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Farming lives, past and present

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The AgriCultured Project presents documentation and analysis of farming livelihoods in Oxfordshire, one of the counties in South-east England. This project is a study in social ecology: how do people become farmers, how do they live as farmers, and how do they leave farming. The landscape may be shaped by farming, but the landscape which farmers inhabit is also a social, economic, and cultural one.

The AgriCultured project collected information using oral history techniques. Ten farmers were interviewed in 2002/2003. Transcripts of the farmers interviews are available on this website. Analysis of  five farmer's interviews are provided in a briefing document and an accompanying 'radio' documentary. You can listen to the radio programme on-line or download it. The briefing and radio programme are presented for use in a workshop by educational workers or the like.
The original audio recordings of the farmers interviews and documentation were deposited with the Centre for Oxfordshire Studies on 25 November 2003.
Two Oxfordshire farmers kept a photo-diary for the AgriCultured Project. They recorded their everyday life in early 2003, documenting the people, places and things that were meaningful to them. You can see their photographs and notes on this website.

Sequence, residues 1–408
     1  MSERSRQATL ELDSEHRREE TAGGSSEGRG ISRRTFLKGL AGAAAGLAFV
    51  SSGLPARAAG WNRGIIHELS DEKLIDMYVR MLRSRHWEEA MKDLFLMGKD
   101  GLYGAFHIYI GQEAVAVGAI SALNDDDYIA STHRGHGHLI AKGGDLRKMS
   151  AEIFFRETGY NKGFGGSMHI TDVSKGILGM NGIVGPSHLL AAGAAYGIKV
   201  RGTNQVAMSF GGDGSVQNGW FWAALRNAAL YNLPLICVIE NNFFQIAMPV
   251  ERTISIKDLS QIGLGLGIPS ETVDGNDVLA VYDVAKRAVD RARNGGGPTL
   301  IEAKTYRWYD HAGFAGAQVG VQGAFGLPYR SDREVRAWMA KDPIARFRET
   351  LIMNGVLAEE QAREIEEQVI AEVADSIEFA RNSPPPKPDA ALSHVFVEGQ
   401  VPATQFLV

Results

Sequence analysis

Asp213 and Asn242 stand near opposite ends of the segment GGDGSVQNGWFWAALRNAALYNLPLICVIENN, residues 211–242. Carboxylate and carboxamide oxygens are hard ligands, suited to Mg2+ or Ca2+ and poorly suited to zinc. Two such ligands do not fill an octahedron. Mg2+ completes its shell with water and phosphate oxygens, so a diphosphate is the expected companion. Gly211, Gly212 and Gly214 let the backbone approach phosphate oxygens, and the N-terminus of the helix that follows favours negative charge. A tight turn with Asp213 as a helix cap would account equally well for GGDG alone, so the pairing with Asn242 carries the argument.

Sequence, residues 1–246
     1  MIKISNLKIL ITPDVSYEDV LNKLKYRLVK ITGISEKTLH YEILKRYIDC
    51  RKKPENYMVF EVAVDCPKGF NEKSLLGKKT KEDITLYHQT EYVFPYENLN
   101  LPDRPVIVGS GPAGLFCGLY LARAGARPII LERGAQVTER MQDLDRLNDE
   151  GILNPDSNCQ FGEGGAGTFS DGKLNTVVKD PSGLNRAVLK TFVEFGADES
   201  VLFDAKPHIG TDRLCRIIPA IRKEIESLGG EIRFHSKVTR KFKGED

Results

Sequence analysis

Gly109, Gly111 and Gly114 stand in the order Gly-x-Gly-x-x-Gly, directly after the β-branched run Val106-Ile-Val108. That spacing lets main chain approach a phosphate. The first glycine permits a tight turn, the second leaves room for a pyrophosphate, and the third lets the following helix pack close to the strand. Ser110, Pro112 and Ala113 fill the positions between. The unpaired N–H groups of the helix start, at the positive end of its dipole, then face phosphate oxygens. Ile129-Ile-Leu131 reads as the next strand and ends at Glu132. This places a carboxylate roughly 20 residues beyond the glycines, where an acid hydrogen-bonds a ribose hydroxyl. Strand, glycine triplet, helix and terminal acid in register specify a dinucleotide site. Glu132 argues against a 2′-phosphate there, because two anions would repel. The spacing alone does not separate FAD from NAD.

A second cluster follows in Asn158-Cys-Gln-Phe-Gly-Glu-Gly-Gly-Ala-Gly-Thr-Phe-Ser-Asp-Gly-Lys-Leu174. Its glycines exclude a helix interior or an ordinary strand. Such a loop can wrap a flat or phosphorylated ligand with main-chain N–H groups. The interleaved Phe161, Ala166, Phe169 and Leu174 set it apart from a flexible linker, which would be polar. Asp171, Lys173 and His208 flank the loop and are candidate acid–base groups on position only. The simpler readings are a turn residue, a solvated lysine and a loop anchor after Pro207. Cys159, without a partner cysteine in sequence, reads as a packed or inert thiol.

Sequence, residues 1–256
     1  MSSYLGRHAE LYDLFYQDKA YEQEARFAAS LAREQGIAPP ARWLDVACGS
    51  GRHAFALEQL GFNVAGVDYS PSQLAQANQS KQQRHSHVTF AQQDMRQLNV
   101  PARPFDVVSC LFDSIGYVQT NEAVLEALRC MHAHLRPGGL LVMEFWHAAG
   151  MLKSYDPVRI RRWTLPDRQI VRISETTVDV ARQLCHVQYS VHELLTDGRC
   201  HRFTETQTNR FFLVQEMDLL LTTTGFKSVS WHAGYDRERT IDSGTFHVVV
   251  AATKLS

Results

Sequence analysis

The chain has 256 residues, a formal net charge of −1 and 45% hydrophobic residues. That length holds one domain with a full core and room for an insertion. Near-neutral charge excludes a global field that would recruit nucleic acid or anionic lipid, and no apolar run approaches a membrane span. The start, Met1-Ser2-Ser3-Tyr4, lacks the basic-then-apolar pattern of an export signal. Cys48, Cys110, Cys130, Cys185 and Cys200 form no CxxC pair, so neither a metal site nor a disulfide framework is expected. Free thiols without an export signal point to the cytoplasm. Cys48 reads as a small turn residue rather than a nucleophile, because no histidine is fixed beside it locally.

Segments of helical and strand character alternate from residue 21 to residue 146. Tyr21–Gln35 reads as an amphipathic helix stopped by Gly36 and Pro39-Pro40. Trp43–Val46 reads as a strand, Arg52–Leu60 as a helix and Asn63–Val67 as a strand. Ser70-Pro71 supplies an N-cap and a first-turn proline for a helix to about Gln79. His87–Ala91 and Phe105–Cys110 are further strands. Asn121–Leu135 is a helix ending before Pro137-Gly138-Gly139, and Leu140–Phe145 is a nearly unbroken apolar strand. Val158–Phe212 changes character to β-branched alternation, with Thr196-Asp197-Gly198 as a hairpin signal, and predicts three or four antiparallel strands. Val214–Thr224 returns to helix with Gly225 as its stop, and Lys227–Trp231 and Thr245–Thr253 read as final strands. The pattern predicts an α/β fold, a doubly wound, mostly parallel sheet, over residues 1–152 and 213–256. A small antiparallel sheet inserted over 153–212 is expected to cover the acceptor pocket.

Gloucestershire farmers have had similar farming experiences to the Oxfordshire Farmers interviewed for this project. They reviewed exerts from the Oxfordshire farmers interviews on a radio programme called Farming Days, broadcast in March 2004 on Forest of Dean Community Radio in Gloucestershire. 

The AgriCultured project contributed to A Rough Guide to the UK Farming Crises by Grassroots Action on Food and Farming
published in May 2004, see


Farming is in Crisis. Looking at Oxfordshire in particular, income from farming for most agricultural products was lower in the year 2000 than in 1990/91. For some types of farming it is much less. The average income in 1997/98 for lowland cattle and sheep for example was about 50% of the 1990/91 figure, similarly for pigs and poultry, for diary it was about 70%. Only for farming cereals was the average income above that of 1990/91 by about 50%.

Oxfordshire is the most rural County in the South East of England, its population density is 2.3 persons/hectare - little more than one third of its neighbour Berkshire. In 1996 Oxfordshire had 3,605 people in the full-time agricultural workforce.

There were 2,083 farm holdings in Oxfordshire in 1996 and the dominant farm types are cropping (64%) and grazing (30%). Although farm sizes are relatively large in Oxfordshire, most farms are family farms - about 91%, with little agribusiness. The age profile of farmers is heavily skewed: 57% are aged over 50, and 29% are over 60. It's not surprising then that almost half expect to retire in the next 10 years. But 52% don't expect a family member to take on the farm when they retire.

Source: The Oxfordshire farming study, Oxfordshire County Council, 1999

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Website last updated on Friday 4 August 2006

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